Waterfall project management separates development and testing into two different steps: developers build a feature and then "throw it over the wall" to the quality assurance team (QA) for testing. The QA team writes and executes detailed test plans. They also file defects when painstakingly checking for regressions in existing features that may have been caused by new work.
Many teams using these waterfall or other traditional testing models find that as the product grows, the amount of testing grows exponentially–and QA invariably struggles to keep up. Project owners face an unwelcome choice: delay the release, or skimp on testing. (I'll give you one guess as to which option wins 99% of the time.) In the mean time, development has moved onto something else. So not only is technical debt mounting, but addressing each defect requires an expensive context switch between two parts of the code base. Insult, meet injury.
To make matters worse, QA teams are traditionally rewarded according to how many bugs they find, which puts developers on the defensive. What if there was a better way for both developers and QA to reduce the number of bugs in the code while also eliminating those painful trade-offs project owners have to make? Wouldn't it create better all-around software?
Enter agile testing.
Moving from traditional to agile testing methods
The goal of an agile development team is to sustainably deliver new features with quality. Teams that move to agile often wrestle with how to incorporate testing time at the speed of agile. This is a legitimate challenge, because traditional testing methodologies simply don't fit into an agile context. The pace of development requires a new approach to ensuring quality in each build. At Atlassian, the way we test is agile. Take a detailed look at our testing approach with Penny Wyatt, Jira Software's Senior QA Team Lead.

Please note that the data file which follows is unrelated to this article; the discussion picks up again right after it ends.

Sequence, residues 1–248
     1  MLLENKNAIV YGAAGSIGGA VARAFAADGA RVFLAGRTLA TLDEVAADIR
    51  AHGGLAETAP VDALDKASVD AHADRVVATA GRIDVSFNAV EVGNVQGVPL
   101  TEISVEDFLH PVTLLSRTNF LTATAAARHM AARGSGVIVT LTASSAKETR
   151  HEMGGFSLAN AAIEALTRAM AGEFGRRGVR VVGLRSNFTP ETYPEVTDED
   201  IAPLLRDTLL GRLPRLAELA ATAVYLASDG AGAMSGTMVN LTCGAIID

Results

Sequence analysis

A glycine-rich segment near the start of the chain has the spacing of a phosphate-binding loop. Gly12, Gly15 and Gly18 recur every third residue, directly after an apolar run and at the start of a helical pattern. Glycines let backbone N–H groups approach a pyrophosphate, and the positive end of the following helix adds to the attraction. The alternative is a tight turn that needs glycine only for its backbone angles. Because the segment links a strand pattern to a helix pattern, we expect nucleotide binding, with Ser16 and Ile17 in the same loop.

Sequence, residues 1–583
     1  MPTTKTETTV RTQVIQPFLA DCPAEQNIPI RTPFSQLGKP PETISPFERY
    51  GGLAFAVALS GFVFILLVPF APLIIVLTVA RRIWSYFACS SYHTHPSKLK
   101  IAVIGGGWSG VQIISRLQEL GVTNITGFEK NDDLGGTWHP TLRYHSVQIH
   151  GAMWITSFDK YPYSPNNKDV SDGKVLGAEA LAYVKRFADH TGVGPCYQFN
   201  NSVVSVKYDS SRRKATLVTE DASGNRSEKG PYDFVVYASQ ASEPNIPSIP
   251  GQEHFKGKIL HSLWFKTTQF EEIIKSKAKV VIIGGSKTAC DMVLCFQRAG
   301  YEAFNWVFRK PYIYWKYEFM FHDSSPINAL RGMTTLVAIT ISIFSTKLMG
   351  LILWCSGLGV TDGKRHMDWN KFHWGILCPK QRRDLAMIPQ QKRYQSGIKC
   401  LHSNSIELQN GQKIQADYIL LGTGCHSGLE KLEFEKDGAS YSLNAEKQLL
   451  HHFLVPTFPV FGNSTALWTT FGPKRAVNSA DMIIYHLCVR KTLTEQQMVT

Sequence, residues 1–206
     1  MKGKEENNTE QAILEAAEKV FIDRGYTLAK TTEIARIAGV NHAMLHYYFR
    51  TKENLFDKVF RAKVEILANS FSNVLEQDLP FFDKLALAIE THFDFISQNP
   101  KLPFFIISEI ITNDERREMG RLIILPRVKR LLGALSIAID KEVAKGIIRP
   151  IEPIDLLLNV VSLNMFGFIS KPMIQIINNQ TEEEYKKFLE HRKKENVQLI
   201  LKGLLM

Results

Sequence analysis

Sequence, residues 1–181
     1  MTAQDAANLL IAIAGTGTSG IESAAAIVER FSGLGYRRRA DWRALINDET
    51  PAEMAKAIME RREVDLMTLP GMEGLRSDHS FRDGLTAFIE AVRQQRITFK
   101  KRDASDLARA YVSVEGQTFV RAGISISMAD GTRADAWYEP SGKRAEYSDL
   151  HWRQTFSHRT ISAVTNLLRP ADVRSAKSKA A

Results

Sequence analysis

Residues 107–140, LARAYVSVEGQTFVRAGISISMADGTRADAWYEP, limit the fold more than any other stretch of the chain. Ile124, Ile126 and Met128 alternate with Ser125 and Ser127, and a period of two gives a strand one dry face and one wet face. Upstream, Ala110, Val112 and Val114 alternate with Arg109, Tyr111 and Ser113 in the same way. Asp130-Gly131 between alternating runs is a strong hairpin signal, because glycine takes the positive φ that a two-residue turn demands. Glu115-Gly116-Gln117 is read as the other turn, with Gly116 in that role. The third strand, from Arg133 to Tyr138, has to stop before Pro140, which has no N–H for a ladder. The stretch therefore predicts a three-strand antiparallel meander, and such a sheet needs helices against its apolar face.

Much like compounding credit card debt, it starts with a small amount of pain, but snowballs quickly–and saps the team of critical agility. To combat snowballing technical debt, at Atlassian we empower (nay: expect) our developers to be great champions for quality. We believe that developers bring key skills that help drive quality into the product:
- Developers are great at solving problems with code.
- Developers that write their own tests are more vested in fixing them when they fail.
- Developers who understand the feature requirements and their testing implications generally write better code.
We believe each user story in the backlog requires both feature code and automated test code. Although some teams assign the developers the feature code while the test team takes on automated testing, we find it's more effective to have a single engineer deliver the complete set.
Treat bugs in new features and regressions in existing features differently. If a bug surfaces during development, take the time to understand the mistake, fix it, and move on. If a regression appears (i.e., something worked before but doesn't anymore), then it's likely to reappear. Create an automated test to protect against that regression in the future.